A Clock and Ball Story
I was waiting out a flight delay in Boston's Logan Airport the other day when I happened upon an enormous kinetic sculpture. It was the size of a UPS truck and consisted of hundreds of rubber balls rolling along tracks, riding little elevators, ringing bells, tooting horns, pushing pendulums. It was endlessly repetitive, for the entertainment of idiots. I reached this conclusion after watching it nonstop for one hour and 10 minutes.
My vigil was intermittently joined by about 20 other people, some alone, some in groups of two or more, all lingering awhile to watch this mindless event. Although we were individuals of different ages, sizes and ethnicities, we all shared a single distinguishing characteristic: Adam's apples. As more time passed, this began to bother me. Finally, to my relief, an actual woman approached. Then she grabbed her husband by the elbow and dragged him toward the gates.
Men love gadgetry, and we don't always look good doing so. At a dinner party at my home a few years ago, as the wives were in the kitchen discussing matters of family and issues of national interest, we husbands were gathered in my bathroom, assembled around the toilet, marveling at the latest in float-bulb technology. (My friend David noted, correctly, that the new design "minimizes lateral energy loss.")
Right now I am looking at something I bought for my son this past Christmas. It is a rolling ball clock. It arrived in its original box from 1979. Back then, it sold mostly through those dippy gift catalogs that also peddled items such as toe-hair trimmers, dish-towel calendars and stick-on lawnmower headlights. Back then, the rolling ball clock cost $29.99. I picked mine up on eBay for a mere $92, though I was prepared to bid much higher. I've always wanted one.
Rolling ball clocks are basically miniature versions of the Logan Airport sculpture: Once a minute, steel balls roll along plastic tracks, drop through chutes, scoot through sluices, and then arrange themselves along numbered rails to tell the time. A rolling ball clock is an excellent home timekeeper except that 1) it is hideously ugly; 2) it is hard to read; and, 3) it is so loud that you cannot put it in a room where people might ever want to sleep or watch TV or talk or listen to music or think.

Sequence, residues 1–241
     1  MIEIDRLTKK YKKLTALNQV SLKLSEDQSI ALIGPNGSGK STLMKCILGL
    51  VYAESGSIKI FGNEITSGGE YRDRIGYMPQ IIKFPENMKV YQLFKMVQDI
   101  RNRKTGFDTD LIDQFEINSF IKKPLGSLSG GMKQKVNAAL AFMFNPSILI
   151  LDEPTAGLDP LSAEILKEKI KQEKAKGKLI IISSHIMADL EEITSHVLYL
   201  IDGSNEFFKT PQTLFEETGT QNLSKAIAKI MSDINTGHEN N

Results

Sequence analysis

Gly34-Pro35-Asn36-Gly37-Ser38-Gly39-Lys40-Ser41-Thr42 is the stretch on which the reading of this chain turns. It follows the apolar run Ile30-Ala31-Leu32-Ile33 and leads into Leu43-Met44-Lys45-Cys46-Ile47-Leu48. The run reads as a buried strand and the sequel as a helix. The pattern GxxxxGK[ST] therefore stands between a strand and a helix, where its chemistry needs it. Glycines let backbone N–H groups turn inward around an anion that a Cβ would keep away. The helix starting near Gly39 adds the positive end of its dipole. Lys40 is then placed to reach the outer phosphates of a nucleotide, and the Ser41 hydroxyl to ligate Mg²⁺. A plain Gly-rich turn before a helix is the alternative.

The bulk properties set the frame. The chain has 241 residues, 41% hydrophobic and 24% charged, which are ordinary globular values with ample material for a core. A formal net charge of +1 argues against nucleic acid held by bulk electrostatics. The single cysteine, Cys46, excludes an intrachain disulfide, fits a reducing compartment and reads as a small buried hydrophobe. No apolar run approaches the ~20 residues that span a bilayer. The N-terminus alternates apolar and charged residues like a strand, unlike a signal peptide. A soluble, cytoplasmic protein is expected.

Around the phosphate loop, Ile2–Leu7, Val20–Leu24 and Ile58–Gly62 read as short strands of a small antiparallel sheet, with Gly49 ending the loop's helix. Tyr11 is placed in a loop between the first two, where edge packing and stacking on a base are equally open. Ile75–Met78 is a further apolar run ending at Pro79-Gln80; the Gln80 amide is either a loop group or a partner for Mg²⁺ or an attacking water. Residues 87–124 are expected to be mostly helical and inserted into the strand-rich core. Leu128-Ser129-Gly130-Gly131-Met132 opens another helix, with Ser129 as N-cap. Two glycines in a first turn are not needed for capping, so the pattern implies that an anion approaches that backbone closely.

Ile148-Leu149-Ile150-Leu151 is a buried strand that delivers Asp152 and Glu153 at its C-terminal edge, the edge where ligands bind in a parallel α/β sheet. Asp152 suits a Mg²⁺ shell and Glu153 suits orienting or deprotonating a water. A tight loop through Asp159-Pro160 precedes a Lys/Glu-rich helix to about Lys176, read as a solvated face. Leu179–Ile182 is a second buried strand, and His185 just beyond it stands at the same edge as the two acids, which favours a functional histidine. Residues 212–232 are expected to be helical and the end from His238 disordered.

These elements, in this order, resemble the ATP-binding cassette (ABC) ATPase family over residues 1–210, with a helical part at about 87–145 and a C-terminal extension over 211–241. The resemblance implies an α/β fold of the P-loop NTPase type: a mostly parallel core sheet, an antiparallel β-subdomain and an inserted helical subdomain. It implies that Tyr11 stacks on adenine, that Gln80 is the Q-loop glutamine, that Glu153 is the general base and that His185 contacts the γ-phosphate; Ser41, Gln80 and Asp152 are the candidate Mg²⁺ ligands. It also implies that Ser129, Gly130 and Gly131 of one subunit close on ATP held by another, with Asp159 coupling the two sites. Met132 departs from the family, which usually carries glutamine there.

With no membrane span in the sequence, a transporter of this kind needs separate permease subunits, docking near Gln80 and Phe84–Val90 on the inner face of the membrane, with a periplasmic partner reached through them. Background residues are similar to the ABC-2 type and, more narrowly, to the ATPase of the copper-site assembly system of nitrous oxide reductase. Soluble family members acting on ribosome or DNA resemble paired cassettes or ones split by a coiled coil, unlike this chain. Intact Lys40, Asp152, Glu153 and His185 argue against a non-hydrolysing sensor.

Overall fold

Needless to say, my son was thrilled with this present. But after he and I spent two hours assembling it, we discovered the motor was dead. Now, I know what you women are thinking. You are thinking: "Gee, I guess you are out of luck, since original rolling ball clocks haven't been made for 20 years and were a cheap, disposable novelty even then!" No man is thinking this. Men are thinking: "Why don't you just find some rolling-ball-clock guy?"
Stuart Singer's e-mail name is "Ballclockguy." An IT specialist in North Carolina, Stuart buys and sells original rolling ball clocks as a hobby; he owns 20 or 30 of them in various states of repair, including three that he keeps in their shrink-wrap, as a shrine. He started his Web site in 2001 as a private joke, figuring he was alone in his obsession, only to find that he was getting dozens of e-mails a day -- including some from Australia, Japan, Germany and Portugal.
I asked: All from men?
"Every once in a while, I'll get a letter from a woman," Stuart said, "but she's always trying to find a ball clock for her husband."
There is a melancholic air about Stuart. It is the mournful outlook of, say, an authority on Yiddish or polar bears, someone who knows that his life's work is slowly dying out. Stuart is running out of clock sources, as they fall into irreparable disrepair. Stuart said he had only one functioning motor left, lovingly repaired by him using skills he learned from a kitty cat-clock guy.
Stuart didn't want to sell the motor; he relented only after I said he could name his price and that I would make him famous. (Using one's column for personal gain is against the rules of The Washington Post, but I figured I could get away with this, inasmuch as most of the top editors have Adam's apples.)
We settled on $75. And now my cheap, ugly plastic $167 clock is working perfectly. Guys, if you want a treat, set your alarms for 12:59 tomorrow morning, open a window and listen. When the numbers shift from 12:59 to 1:00 on my clock, all the balls move. If you're anywhere near the mid-Atlantic states, you'll probably hear it.
Gene Weingarten's e-mail address is email@example.com